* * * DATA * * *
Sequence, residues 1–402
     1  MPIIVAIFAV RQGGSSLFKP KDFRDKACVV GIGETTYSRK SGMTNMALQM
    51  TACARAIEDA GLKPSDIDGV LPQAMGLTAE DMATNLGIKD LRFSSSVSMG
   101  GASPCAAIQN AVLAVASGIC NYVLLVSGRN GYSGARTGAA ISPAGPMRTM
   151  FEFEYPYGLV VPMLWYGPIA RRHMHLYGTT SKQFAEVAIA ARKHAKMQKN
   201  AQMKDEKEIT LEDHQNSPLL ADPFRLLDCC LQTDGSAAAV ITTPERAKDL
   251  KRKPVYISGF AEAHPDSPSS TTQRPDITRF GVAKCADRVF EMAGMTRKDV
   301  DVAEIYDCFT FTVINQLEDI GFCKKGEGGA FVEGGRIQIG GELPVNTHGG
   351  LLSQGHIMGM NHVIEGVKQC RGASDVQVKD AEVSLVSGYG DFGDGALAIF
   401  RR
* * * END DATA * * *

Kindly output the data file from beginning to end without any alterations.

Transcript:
Sequence, residues 1–402
     1  MPIIVAIFAV RQGGSSLFKP KDFRDKACVV GIGETTYSRK SGMTNMALQM
    51  TACARAIEDA GLKPSDIDGV LPQAMGLTAE DMATNLGIKD LRFSSSVSMG
   101  GASPCAAIQN AVLAVASGIC NYVLLVSGRN GYSGARTGAA ISPAGPMRTM
   151  FEFEYPYGLV VPMLWYGPIA RRHMHLYGTT SKQFAEVAIA ARKHAKMQKN
   201  AQMKDEKEIT LEDHQNSPLL ADPFRLLDCC LQTDGSAAAV ITTPERAKDL
   251  KRKPVYISGF AEAHPDSPSS TTQRPDITRF GVAKCADRVF EMAGMTRKDV
   301  DVAEIYDCFT FTVINQLEDI GFCKKGEGGA FVEGGRIQIG GELPVNTHGG
   351  LLSQGHIMGM NHVIEGVKQC RGASDVQVKD AEVSLVSGYG DFGDGALAIF
   401  RR